The Sisyphistic Myth(s) regarding the Kingdom of Saudi Arabia
The difficulty in thinking about (or trying to write about) the role of Saudi Arabia in the “post 9/11” world lies in trying to sort out what is “true” from what are almost-universally-accepted “urban myths” about the Kingdom.
First a word about the “post 9/11” world. We all know the common wisdom about 9/11. George W. Bush told us then and reminded us on the fifth anniversary of the horror: “For America, 9/11 was more than a tragedy—it changed the way we look at the world.”
DON’T anyone say I’m belittling the unspeakable tragedy of 9/11 for its immediate victims (from the families of those who died to the entire city of New York, to…) or the hideous monstrosity of anyone’s using civilian as targets in war or warlike operations (whether it’s “shock and awe” in Baghdad, pillaging towns in Darfur, indiscriminate bombing in Lebanon, imprisoning two million people in Gaza, or blowing up the London tube).
But for once, I agree with George W. Bush. 9/11 did not change the world. It “changed the way we look at the world.” 9/11 changed only our perception. Gwynne Dyer, a London-based independent journalist (I read her commentary online at Vancouver’s Straight.com. I must ask them if gays are not supposed to read their stuff) said it more succinctly than I could on the fifth anniversay of 9/11:
Five years since 9/11 and we are still being told that the world has changed forever. But the terrorist attack on the United States on September 11, 2001, was a low-probability event that could just as easily not have happened. The often careless and sometimes incompetent hijackers might have been caught before boarding those planes, and there were not 10 other plots of similar magnitude stacked up behind them. Would the world really be all that different now if there had been no 9/11?
There would have been no invasion of Afghanistan, and probably no second term for President George W. Bush, whose main political asset for the past five years has been his claim to be leading the United States in a Global War on Terror. Deprived of the opportunity to posture as a heroic war leader in the mould of Winston Churchill or Franklin D. Roosevelt, Bush would have had great difficulty in persuading the American public that his first-term achievements merited a second kick at the can.
Would Bush, Cheney, Rumsfeld, Wolfowitz, and company have succeeded in invading Iraq anyway? That was high on their agenda from the moment they took office, but without the 9/11 attacks eight months later, they would have had great difficulty in persuading the American public that invading Iraq “a country on the other side of the world that posed no threat to the United States” was a good idea. Whereas after 9/11, it was easy to sell the project to geographically challenged Americans: maybe no Iraqis were involved in 9/11, but they're all Arabs, aren't they….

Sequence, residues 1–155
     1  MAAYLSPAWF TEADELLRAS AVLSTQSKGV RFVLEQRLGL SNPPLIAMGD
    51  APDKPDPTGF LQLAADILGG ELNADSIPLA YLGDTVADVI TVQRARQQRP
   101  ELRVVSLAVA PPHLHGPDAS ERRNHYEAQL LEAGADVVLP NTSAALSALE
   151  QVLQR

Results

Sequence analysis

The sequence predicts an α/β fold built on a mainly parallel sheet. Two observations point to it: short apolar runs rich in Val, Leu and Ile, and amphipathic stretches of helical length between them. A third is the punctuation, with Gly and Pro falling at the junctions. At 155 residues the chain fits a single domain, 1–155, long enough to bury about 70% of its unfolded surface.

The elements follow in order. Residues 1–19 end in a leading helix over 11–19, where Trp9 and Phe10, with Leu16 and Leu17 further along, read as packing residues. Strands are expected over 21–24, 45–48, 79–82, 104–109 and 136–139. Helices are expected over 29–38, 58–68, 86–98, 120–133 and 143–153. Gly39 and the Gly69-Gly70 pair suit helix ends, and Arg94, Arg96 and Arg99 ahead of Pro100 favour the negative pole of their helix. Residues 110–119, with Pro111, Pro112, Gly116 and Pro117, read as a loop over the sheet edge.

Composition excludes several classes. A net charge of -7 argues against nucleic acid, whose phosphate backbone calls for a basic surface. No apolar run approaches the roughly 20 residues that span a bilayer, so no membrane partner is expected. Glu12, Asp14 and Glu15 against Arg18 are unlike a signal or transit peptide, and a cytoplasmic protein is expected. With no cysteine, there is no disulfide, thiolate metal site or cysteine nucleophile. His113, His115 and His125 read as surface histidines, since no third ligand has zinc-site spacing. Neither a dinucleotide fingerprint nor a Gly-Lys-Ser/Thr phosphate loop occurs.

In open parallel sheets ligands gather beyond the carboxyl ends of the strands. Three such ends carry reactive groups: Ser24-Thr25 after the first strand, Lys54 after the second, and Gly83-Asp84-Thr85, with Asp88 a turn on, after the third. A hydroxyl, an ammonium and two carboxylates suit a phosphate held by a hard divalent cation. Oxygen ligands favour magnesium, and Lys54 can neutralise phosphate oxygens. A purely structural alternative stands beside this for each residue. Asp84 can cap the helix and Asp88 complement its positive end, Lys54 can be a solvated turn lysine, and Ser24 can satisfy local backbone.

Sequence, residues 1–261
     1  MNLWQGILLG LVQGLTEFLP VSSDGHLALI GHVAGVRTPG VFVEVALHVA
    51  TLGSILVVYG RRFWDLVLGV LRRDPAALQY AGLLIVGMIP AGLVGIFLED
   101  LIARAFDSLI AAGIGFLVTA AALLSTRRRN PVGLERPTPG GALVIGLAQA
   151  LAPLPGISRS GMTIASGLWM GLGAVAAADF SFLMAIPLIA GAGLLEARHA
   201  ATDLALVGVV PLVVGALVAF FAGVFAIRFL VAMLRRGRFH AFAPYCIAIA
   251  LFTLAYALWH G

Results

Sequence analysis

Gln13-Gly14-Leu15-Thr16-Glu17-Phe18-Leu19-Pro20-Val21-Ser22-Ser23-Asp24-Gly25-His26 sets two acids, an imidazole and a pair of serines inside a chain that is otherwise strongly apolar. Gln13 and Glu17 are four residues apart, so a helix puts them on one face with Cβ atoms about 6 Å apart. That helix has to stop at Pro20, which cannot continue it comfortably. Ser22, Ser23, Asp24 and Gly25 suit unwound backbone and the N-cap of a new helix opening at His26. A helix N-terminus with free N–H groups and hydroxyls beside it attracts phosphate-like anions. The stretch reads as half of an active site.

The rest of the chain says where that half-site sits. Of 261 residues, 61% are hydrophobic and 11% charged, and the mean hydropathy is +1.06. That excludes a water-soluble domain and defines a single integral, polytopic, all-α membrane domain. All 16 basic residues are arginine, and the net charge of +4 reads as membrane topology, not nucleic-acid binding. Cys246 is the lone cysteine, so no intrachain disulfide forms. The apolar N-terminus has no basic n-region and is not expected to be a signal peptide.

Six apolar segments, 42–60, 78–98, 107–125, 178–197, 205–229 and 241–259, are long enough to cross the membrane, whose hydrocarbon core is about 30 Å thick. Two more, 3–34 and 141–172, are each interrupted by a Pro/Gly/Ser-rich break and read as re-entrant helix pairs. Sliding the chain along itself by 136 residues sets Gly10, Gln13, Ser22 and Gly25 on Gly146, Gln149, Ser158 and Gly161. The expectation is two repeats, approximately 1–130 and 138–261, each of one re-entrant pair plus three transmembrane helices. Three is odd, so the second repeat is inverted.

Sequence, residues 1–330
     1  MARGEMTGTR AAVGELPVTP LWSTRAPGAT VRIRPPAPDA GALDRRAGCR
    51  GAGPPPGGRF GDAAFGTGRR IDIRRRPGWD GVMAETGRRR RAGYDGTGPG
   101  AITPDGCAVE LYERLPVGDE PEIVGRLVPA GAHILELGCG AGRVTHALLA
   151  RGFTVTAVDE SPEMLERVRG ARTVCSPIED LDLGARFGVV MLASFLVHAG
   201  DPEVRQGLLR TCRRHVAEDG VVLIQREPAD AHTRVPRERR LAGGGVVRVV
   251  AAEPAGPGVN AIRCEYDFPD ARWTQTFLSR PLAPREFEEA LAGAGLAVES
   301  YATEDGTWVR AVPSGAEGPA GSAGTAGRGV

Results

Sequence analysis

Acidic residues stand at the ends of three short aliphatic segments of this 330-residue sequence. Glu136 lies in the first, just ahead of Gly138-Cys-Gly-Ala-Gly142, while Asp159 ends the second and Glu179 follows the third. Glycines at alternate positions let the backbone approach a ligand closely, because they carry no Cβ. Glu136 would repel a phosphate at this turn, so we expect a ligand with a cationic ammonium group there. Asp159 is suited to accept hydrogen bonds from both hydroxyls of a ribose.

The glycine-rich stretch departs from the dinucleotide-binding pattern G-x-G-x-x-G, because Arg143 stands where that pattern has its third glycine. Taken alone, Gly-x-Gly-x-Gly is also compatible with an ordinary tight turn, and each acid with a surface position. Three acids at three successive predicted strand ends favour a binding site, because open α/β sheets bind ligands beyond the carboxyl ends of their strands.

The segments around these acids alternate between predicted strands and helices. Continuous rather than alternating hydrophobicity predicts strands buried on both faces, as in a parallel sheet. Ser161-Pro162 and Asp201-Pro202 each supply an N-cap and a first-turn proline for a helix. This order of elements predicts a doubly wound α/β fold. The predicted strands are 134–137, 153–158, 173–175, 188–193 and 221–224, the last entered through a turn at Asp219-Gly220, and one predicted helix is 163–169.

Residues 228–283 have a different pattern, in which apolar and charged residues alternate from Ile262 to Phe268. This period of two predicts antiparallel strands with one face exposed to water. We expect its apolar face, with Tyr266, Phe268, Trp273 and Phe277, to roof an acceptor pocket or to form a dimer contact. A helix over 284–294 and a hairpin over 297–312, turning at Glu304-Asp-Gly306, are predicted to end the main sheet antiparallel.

The principal way 9/11 changed the way we look at the world is that we got ourselves organized into a “committee of the whole” to find someone to blame for all of our troubles, and we let Dick Cheney and company set the rules for the proceedings, present all of the evidence, and make all the decisions.
And, of course, much of the evidence was centered on Saudi Arabia (never mind that the Kingdom has for decades been one of the lynchpins of American policy in the Middle East). The dreaded “oil royals” (I didn’t make up that slur, by the way) of the Arabian Peninsula were convenient scapegoats. After all, ten of the perpetrators of 9/11 were Saudi Arabians (right!). The Kingdom is one of those “Islamic” nations—not just in name, but in the reality of its polity, and we all know that is, by definition, evil. And, at the apex of our hatred is our jealousy of their wealth—they have to answer to no one because they have achieved the goal of our materialistic capitalism, and they’re not even capitalists (how could they be? they're not Christians)!
So the common wisdom and the urban myths about Saudi Arabia became a body of belief about the evils of the country as centered in the huge and hugely conspiratorial royal family—their financial (and probably spiritual/political) support of Osama bin Laden; their worse than autocratic mind-body-and-spirit control of their people; their exporting around the world—and practicing with an iron fist in their own country, even over foreigners who dare to visit or work there—a dangerous Muslim “fundamentalism” called (because no one understands it) “Wahabbism;” their determination to undermine the American economy by controlling the price of oil and buying up huge hunks of our property; and so on and on. Even that great liberal Michael Moore helped perpetuate the myths.
We all know the myths (sigh).
If 9/11 changed the way we look at the world, it’s high time we disbanded the “committee of the whole,” sent the myth-makers packing, and tried to understand the truth(s) about the Kingdom of Saudi Arabia—perhaps as a prelude to understanding the rest of the world.